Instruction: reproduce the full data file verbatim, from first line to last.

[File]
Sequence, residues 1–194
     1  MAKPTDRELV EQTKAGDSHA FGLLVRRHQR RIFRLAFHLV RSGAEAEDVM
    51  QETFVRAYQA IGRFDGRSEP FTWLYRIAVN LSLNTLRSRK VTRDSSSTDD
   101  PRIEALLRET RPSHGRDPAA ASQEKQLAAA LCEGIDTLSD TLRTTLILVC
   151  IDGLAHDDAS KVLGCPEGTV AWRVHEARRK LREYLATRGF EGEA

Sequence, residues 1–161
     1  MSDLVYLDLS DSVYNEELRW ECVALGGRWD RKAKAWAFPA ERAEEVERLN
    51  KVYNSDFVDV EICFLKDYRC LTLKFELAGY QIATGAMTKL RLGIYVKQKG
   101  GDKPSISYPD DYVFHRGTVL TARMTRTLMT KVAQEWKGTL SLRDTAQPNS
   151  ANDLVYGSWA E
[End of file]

Sequence, residues 1–194
     1  MAKPTDRELV EQTKAGDSHA FGLLVRRHQR RIFRLAFHLV RSGAEAEDVM
    51  QETFVRAYQA IGRFDGRSEP FTWLYRIAVN LSLNTLRSRK VTRDSSSTDD
   101  PRIEALLRET RPSHGRDPAA ASQEKQLAAA LCEGIDTLSD TLRTTLILVC
   151  IDGLAHDDAS KVLGCPEGTV AWRVHEARRK LREYLATRGF EGEA

Sequence, residues 1–161
     1  MSDLVYLDLS DSVYNEELRW ECVALGGRWD RKAKAWAFPA ERAEEVERLN
    51  KVYNSDFVDV EICFLKDYRC LTLKFELAGY QIATGAMTKL RLGIYVKQKG
   101  GDKPSISYPD DYVFHRGTVL TARMTRTLMT KVAQEWKGTL SLRDTAQPNS
   151  ANDLVYGSWA E